This Centuries-old Samurai Castle Is Now a Japanese Hotel — and Guests Are Invited to Dress Like Warriors
Plus, go moon-gazing with sake in hand and have breakfast at a cliffside teahouse.
How’s this for an escape? A Japanese village 500 miles away from the hustle and bustle of Tokyo has turned an old wooden castle into a hotel that feels straight out of the 16th century.
Scoring a reservation may not be easy, and it won’t be cheap. The property plans to host only 30 reservations in its first year with up to six guests each. Rates start at around $9,500 per night for two guests and about $950 for each additional guest. The steep price does include a few extras.
Overnight guests are welcomed by flag bearers and the sound of conch shell horns. They’re given the option of donning kimonos or Medieval warrior uniforms and can dine in one of the compound’s four original 400-year-old turrets.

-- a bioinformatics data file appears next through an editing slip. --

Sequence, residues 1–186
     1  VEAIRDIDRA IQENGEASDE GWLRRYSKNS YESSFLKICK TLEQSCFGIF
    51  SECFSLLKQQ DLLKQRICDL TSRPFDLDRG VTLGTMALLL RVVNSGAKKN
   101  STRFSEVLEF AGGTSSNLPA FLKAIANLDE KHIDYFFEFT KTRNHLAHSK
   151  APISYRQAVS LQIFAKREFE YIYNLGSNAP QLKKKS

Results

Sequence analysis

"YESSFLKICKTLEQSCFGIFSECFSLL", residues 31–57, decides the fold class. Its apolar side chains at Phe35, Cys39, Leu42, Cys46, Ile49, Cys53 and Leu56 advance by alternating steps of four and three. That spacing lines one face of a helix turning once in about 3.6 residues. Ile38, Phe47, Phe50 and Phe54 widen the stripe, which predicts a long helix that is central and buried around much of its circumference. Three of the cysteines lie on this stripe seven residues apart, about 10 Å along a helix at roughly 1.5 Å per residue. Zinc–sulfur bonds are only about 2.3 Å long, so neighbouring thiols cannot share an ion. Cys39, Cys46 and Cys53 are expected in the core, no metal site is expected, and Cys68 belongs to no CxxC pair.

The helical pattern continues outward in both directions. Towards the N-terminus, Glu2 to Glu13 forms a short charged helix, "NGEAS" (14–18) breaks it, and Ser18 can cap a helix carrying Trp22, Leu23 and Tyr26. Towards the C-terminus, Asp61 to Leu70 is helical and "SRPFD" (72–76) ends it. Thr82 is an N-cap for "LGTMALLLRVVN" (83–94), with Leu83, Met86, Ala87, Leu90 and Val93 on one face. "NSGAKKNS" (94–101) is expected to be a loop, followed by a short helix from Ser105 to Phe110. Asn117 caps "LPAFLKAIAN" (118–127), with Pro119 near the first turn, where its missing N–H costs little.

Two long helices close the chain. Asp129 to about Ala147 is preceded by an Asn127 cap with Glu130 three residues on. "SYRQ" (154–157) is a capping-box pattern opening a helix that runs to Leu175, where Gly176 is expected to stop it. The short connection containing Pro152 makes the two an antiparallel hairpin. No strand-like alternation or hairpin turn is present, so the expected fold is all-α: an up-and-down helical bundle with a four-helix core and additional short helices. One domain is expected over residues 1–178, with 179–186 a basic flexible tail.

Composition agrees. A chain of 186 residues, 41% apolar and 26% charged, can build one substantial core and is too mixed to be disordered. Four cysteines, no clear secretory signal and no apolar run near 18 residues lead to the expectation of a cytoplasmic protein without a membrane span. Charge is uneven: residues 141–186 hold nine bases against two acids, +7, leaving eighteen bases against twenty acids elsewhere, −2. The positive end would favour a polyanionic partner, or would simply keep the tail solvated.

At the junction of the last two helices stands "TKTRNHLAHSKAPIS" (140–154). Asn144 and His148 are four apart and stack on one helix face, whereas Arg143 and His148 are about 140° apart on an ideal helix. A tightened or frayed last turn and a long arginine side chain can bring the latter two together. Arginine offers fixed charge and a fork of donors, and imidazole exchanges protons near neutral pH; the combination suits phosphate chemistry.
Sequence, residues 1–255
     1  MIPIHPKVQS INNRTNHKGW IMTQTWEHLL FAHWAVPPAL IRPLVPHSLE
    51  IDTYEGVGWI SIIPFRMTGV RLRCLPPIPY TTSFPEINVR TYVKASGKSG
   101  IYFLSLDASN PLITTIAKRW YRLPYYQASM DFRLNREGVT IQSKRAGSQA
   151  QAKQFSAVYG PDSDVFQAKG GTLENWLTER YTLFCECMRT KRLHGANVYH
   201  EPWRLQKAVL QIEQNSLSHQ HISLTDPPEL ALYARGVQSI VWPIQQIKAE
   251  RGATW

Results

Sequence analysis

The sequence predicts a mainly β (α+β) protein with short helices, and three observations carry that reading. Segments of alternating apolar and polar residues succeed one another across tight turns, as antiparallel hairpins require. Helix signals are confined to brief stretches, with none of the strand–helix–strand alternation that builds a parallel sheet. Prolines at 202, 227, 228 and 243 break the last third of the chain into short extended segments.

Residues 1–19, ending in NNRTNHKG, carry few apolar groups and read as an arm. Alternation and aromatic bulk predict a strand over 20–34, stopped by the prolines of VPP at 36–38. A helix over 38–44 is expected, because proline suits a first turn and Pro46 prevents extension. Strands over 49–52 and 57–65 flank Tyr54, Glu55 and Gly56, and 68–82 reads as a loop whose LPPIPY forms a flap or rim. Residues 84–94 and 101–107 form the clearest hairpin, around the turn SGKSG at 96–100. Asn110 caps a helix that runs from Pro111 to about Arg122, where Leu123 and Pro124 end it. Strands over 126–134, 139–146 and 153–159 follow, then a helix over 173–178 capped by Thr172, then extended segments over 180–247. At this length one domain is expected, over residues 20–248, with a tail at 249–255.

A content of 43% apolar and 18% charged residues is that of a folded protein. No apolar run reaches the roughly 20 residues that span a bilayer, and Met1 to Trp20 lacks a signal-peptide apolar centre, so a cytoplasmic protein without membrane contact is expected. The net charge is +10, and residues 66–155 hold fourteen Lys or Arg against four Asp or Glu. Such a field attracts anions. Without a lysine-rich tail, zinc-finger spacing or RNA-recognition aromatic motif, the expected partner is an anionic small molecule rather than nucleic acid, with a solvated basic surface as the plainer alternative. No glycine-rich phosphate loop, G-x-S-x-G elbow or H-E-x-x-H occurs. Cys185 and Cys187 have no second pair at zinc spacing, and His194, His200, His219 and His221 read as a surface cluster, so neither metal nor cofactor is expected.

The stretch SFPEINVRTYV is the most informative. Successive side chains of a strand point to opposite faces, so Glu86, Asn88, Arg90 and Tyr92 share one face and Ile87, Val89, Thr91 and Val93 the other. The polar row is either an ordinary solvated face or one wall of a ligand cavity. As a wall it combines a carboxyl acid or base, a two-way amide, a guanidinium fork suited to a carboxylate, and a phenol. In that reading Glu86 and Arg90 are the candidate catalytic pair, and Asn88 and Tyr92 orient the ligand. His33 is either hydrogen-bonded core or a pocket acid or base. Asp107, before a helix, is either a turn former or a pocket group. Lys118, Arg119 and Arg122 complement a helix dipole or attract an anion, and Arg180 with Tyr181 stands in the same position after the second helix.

Entertainment includes a kagura folk dance performance and a moon-viewing session with sake and poetry. Breakfast is included at Garyu Sanso, a 100-year-old cliffside villa and teahouse overlooking the Hiji River.
There are no en-suite toilets in the castle, but a luxury bath and lounge have been added to the compound, CNN reported. The broader Nipponia Hotel project, which includes the castle, does have 11 other rooms with en-suite baths in the village.
The original Ozu Castle was mostly destroyed in 1888. Locals pledged to restore it in the 1990s, using old photographs and wooden models as their guide. The effort is part of a broader plan to revive the region and make it a better place to live.
In recent decades, the area’s population has been declining and the availability of properties ripe for repurposing has increased. The Nipponia Hotel complex’s front desk was once a medical clinic.
This story originally appeared on travelandleisure.com.